ALEXANDRIA, Va. – An Alexandria pastor and his wife were arrested on Sunday for their alleged involvement in a $1.2 million fraud scheme that victimized members of their congregation.
Terry Wayne Millender, 52, the senior pastor of Victorious Life Church in Alexandria, along with his wife Brenda Millender, 56, both of Alexandria, and Grenetta Wells, 55, also of Alexandria and affiliated with the church, were indicted by a federal grand jury Thursday on charges of conspiracy to commit wire fraud and money laundering conspiracy.
The charges were released Monday after Wells was arrested, according to a press release. Terry, Brenda and Grenetta operated a company called Micro-Enterprise Management Group, a Virginia company that alleged to help poor people in developing countries by providing small, short-term loans to start or expand existing businesses by working with a network of established micro-finance institutions, according to a press release.
Terry and Brenda were founding members of MEMG, and Wells served as chief operating officer. They recruited investors by emphasizing its Christian mission and use of the funds to help the poor, promising guaranteed rates of return, assuring investors that the loans’ principal was safe and backed by the assets of MEMG, according to the U.S. Attorney’s Office. The indictment claims some investors gave the Millenders sums totaling $40,000, $50,000, $84,000 and $400,000.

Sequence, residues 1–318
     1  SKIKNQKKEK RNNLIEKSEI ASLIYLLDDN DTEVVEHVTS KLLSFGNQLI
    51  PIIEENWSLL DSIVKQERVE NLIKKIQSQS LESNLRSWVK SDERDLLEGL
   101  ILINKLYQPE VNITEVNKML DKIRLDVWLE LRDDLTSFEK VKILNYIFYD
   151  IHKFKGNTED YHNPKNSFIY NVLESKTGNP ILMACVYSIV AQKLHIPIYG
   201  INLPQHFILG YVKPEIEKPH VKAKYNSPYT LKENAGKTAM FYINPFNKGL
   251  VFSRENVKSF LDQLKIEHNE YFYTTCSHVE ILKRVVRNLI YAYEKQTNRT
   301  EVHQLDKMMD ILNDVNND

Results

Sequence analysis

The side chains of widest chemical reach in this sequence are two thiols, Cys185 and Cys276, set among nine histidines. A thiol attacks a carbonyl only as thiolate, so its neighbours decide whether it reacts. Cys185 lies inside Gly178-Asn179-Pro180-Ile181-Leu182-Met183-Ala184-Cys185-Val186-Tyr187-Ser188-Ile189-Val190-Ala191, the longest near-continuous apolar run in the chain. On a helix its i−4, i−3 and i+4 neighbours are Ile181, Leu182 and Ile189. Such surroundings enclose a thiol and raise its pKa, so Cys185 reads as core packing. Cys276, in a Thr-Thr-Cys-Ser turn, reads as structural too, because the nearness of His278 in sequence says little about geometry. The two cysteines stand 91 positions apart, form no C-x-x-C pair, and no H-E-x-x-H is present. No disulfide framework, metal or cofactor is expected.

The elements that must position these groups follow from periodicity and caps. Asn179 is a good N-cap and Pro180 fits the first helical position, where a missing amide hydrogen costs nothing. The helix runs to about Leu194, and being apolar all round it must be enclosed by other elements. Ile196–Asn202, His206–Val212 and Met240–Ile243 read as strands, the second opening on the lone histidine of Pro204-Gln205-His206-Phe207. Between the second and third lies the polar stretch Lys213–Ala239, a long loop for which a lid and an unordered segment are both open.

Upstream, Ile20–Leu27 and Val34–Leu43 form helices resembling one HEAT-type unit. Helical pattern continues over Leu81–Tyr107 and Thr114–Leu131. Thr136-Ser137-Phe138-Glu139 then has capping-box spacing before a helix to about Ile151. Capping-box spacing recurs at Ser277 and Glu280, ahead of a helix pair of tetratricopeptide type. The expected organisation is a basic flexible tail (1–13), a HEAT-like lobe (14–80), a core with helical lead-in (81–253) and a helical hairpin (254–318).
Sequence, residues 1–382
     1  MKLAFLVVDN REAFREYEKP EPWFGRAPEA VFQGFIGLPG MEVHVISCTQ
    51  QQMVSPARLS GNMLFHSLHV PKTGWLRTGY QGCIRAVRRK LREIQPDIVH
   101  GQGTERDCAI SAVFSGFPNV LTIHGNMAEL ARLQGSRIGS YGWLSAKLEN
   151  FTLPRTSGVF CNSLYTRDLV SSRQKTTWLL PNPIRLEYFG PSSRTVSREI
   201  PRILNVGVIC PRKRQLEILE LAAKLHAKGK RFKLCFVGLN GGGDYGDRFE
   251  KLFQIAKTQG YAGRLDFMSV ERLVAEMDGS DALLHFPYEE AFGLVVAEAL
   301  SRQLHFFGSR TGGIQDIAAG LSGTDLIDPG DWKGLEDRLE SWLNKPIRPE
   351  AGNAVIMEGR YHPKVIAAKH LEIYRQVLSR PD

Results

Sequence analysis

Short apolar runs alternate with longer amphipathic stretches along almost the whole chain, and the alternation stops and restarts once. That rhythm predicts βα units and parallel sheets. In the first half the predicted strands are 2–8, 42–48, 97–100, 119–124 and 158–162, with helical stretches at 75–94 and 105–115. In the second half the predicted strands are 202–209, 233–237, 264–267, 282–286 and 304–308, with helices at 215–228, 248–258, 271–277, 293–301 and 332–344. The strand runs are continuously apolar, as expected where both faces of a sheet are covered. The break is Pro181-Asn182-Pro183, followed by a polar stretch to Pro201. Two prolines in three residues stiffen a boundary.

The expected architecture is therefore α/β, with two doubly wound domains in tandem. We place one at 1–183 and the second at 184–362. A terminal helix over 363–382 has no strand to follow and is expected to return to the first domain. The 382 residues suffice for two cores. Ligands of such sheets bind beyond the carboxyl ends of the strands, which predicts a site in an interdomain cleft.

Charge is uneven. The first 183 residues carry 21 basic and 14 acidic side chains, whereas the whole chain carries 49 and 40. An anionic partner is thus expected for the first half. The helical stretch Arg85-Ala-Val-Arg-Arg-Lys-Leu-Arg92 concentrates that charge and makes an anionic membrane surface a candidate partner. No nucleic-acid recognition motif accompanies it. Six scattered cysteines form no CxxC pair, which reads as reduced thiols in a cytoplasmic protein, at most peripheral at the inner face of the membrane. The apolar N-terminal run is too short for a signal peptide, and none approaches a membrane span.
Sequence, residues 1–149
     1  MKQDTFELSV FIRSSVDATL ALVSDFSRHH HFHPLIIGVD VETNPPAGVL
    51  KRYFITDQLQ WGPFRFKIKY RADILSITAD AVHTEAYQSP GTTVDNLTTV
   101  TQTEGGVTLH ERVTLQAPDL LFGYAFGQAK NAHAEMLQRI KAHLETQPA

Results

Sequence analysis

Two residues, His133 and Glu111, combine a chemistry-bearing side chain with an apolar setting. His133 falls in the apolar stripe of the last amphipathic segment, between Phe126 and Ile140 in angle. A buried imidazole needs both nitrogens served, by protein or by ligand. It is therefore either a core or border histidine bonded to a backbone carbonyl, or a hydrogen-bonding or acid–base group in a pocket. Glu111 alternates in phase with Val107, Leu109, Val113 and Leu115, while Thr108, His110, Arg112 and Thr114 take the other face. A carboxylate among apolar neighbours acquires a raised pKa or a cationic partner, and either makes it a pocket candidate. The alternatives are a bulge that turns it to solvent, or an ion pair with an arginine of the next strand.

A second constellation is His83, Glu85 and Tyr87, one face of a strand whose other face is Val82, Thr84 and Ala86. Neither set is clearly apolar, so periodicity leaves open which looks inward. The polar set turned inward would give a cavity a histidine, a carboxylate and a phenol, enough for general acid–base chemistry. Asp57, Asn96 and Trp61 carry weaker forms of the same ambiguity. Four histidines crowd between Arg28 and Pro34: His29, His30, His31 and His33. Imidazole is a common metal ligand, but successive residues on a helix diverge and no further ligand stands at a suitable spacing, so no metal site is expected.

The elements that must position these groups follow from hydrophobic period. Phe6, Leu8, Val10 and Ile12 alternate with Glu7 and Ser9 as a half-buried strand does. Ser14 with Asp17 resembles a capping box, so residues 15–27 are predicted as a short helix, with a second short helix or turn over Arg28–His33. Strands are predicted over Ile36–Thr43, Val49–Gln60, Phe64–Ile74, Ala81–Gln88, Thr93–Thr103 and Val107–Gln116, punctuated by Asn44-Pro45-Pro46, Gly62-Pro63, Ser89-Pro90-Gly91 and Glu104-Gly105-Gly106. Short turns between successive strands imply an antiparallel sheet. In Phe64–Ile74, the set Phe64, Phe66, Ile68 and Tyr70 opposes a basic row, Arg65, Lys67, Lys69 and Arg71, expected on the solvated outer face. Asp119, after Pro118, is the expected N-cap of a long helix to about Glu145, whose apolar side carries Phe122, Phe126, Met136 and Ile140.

The representations were allegedly false and fraudulent. The money was allegedly used by the defendants to conduct risky trading on the foreign exchange currency market, options trading, payments toward the purchase of a $1.75 million residence for Terry and Brenda, and other personal expenses for the defendants, according to a press release from the U.S. Attorney’s Office.
The U.S. Attorney’s Office said, in an effort to conceal how they had actually used the money, the defendants allegedly assured investors that they would get their money back and blamed delays in repaying investors on the 2008 financial crisis.
Outside the courthouse on Monday the pastor’s attorney said, “There was a prior investigation that went inactive as far as I was concerned or understood about a year and a half ago. And this indictment was just issued and the case is back on the government’s radar.” He continued to say, “I think that some people were motivated to get in touch with law enforcement, probably members had made some investments and wondered where they had gone.”
Terri Millender was held without bond until a hearing on Wednesday, along with Grenetta Wells, who according to the indictment, had previously been sentenced and convicted for defrauding investors in a $1,000,000 Ponzi scheme.